corking up of the details of the new scheme,
so far as the newspapers were concerned, up
to the present time. It has been merely de
sired to ascertain whether or no the "reserve
fund" idea would strike a popular chord.
The Dispatch violates no confidence in
statin c that this plan is simply an impor
tant adjunct to a most systematic plan ot
campaign for thefuture behoof of the Bepub
lican party. The idea is to have annual
direct contributions to the Bepublican Na
tional Committee, maturing by the terms of
the certificate receipt, on the 1st day of Sep
tember of each year. )
The certificates will be placed in the Be
publican ranks from Maine to California,
and will be registered in the books of the
National Committee. That august body
will be able to tell to a dot just how much
money can be depended upon, without re
sorting to contributors used to giving
larger amounts, but much more difficult to
approach and enlist. Its very character of
a "popular" subscription is depended upon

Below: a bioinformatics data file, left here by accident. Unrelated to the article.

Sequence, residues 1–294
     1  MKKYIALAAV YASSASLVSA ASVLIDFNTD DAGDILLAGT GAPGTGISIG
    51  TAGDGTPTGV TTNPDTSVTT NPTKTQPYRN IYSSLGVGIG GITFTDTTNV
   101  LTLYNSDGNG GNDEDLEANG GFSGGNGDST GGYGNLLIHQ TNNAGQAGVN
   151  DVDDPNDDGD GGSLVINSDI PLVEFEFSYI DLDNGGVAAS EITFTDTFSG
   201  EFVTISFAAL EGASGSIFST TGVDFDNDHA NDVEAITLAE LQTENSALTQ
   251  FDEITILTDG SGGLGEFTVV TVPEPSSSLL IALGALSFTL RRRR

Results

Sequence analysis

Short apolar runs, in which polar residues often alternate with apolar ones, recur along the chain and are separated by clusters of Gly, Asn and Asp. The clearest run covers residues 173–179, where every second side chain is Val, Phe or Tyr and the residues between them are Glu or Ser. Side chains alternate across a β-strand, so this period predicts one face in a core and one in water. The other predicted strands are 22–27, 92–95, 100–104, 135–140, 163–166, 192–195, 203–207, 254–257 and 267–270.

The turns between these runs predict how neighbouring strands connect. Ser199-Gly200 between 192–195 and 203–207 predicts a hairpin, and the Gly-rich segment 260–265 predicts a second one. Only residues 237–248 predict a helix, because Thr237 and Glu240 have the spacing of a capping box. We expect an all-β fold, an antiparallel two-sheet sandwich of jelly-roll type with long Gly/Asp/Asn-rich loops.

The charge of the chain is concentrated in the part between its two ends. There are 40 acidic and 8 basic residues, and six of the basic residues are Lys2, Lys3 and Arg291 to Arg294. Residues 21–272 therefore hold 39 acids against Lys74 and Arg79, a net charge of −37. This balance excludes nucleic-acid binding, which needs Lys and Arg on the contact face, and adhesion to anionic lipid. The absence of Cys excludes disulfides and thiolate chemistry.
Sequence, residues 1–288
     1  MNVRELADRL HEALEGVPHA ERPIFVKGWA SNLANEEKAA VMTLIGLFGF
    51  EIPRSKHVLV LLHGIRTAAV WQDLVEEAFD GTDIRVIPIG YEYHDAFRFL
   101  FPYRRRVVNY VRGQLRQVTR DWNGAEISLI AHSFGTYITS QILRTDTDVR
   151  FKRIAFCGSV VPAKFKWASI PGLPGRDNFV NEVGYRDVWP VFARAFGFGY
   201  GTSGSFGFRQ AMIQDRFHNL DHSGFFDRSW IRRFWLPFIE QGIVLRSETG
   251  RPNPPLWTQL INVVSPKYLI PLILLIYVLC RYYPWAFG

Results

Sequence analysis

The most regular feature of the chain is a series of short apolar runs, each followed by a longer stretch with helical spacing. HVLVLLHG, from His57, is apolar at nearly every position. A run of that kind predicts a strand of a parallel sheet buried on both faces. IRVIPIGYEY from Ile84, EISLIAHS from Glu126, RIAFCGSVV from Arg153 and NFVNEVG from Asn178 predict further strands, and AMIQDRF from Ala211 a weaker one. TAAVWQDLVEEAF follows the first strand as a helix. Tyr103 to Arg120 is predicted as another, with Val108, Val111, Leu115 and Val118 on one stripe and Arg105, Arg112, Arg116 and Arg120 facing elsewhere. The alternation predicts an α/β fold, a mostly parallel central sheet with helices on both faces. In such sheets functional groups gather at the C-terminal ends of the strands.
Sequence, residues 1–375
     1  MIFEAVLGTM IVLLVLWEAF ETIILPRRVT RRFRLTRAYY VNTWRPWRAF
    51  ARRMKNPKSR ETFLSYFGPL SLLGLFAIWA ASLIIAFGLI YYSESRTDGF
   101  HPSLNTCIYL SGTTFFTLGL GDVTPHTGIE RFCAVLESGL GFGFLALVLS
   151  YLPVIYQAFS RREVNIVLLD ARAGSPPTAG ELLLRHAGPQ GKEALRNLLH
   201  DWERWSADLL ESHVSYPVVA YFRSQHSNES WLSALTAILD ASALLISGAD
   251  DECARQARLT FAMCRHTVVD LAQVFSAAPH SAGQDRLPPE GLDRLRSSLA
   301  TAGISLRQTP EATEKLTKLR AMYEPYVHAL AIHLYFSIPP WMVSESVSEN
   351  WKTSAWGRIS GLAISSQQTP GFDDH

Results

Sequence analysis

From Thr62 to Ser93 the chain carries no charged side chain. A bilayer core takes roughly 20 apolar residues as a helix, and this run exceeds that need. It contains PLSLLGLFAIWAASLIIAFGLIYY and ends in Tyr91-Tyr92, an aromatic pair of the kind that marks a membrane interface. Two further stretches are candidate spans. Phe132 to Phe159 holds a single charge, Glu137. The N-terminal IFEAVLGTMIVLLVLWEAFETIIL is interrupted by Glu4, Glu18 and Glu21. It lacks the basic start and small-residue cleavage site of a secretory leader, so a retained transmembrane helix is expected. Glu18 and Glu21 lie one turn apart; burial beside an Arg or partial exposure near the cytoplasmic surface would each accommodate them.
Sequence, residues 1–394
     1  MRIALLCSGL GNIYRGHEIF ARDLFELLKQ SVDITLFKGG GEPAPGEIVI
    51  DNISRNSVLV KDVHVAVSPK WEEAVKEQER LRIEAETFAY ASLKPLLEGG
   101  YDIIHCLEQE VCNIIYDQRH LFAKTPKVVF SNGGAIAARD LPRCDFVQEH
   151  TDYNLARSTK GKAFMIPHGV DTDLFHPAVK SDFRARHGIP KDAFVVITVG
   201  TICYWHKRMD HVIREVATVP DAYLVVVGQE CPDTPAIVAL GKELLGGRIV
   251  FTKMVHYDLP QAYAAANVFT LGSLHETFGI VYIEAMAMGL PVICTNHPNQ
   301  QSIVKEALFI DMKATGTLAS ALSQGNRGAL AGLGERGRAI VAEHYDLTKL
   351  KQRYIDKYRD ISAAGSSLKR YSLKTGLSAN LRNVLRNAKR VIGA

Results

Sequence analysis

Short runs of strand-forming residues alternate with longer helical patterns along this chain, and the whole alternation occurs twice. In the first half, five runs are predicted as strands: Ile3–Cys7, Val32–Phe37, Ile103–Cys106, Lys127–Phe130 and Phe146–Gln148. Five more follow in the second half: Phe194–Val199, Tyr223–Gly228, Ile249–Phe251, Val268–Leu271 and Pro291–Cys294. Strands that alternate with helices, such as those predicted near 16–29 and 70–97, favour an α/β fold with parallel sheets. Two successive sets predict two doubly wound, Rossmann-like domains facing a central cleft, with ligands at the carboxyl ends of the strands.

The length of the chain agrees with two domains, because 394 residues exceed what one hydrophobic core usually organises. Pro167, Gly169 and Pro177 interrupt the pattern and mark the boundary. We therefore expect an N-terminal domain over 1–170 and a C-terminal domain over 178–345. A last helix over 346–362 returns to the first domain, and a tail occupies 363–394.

as an offset to the archaic opposition howls
about monopolists and millionaires.
The following hurried resume of the polit
ical situation is given by one ot Senator
Quay's adherents, who says:
"No time will be lost in getting the first
annual payment in, as there are several
campaigns now in progress, and the Na
tional Committee hears the Macedonian cry
from all sections of the country. State
elections arc pending iu Virginia and Ohio,
and the first elections under the new con
stitutions are in progress in North Dakota,
Washington, Montana and South Dakota.
fixing up vieginia.
"In Virginia, the armed truce existing
between General Mahone and Wise, Brady,
Langston, et al., does not present as much
rcassurement as to indicato that the Old
Dominion can be wrested from the Demo
crats unless aid is promptly afforded. Ohio,
while certain to elect Foraker, is a trifle